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Fri June 18 2021

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Leisure centre designs not family friendly

4 Jun Research into the design of UK sports and leisure centres has concluded that anyone with a small child probably already knows – they have an inclusivity problem.

Image GT3 Architects / Kristen McCluskie Photography
Image GT3 Architects / Kristen McCluskie Photography

GT3 Architects, which specialises in the design of sports and leisure facilities, has undertaken research as part of its Inclusive Design series to better understand the issues people face when visiting leisure centres.

The study looked at the experience of adults taking young children to a leisure centre.

“We discovered that 85% of caregivers surveyed find it incredibly difficult to deal with the challenges of a leisure centre – such as where to put a child while you get changed or how to get into the pool safely if your child cannot stand by themselves – particularly when alone,” said Paul Reed, associate director and head of sports and leisure at GT3.

“59% of people surveyed said they are usually the only adult responsible for their child or children during a visit and the word ‘stressful’ was used frequently, with caregivers feeling that the experience is more difficult than they would like.

“Encouragingly, 58% of people surveyed would like to visit a leisure centre more often. We believe that if facilities were designed with caregivers in mind, they would use the facilities more, increasing both their own and their children’s exposure to water and/or fitness activities.”

He continued: “By including a few simple additions – such as safe parking and access to the facility, a waiting area in reception, clear wayfinding, buggy stores near the changing rooms, and considered family changing rooms – it can have a massive impact on how caregivers use the space and ultimately create an improved experience.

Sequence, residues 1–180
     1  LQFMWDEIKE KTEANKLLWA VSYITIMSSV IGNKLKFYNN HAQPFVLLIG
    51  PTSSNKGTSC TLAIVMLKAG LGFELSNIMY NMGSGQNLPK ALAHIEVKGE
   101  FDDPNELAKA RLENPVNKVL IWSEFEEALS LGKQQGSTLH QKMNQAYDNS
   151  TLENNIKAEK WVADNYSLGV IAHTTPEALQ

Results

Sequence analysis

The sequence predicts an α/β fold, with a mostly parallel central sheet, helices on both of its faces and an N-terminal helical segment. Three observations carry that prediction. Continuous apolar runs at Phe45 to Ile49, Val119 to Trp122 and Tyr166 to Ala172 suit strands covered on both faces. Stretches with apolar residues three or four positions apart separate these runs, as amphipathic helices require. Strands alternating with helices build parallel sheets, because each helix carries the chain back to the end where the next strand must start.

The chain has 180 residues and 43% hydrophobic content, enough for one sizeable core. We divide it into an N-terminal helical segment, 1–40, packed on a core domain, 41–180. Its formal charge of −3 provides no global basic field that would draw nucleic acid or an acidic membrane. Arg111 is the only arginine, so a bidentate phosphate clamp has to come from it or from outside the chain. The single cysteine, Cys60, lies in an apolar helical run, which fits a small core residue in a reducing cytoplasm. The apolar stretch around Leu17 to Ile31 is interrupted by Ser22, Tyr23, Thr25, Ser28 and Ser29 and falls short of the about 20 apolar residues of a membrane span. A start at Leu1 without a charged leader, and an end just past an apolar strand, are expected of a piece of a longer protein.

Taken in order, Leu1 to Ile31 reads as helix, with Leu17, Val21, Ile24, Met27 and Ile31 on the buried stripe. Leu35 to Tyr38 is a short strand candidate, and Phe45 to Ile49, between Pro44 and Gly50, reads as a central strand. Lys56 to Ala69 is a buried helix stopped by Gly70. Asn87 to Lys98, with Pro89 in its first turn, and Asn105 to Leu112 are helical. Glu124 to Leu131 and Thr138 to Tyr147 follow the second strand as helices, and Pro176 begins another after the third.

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“Design is more than just shaping the physical environment. It involves addressing standards, practices, and behaviours as well as changing the way users are engaged. By considering space, layout, technology, and visual aspects, we can create a more family friendly and safer design that will ensure modern leisure centres are used and loved.

“As an industry we need to fully understand how our designs can be used to provide more welcoming and inclusive facilities for all, improving both the physical and mental health of our communities in the process. As architects, we can play a part in encouraging activity, especially now that leisure centres are reopening, and we need to see this opportunity as a much-needed contribution to public health.”

Judith Atkinson, project architect at GT3, led on the survey. She added: “This is the first report in our Inclusive Design series, so we really wanted to dig into the issues and barriers people face when attending a leisure centre. As a parent of a toddler myself, I felt it really important to highlight the difficulties caregivers often face when using facilities – it can be difficult taking a young child out of the home environment, particularly when facilities don’t meet your, or your child’s, basic needs. 

“Even small things, such as making sure windows are in children’s sight line and they can hold a handrail when going into the water, make a big difference. I firmly believe that by understanding these caregivers’ experiences – such as knowing that 50% consider a waiting area within the reception important or that 96% would prefer a family-friendly cubicle – we can make leisure centres more inclusive.

“Our caregivers research was such a success; we’re currently doing a similar piece of research into autism and dementia. Our hope is that we will be able to provide proven design solutions for our clients, which in turn will ensure their end-users feel supported. The result will be a far more inclusive, welcoming space for the whole community, and will hopefully encourage far more people to use exercise to support a healthy lifestyle. A win-win for everyone.”

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MPU

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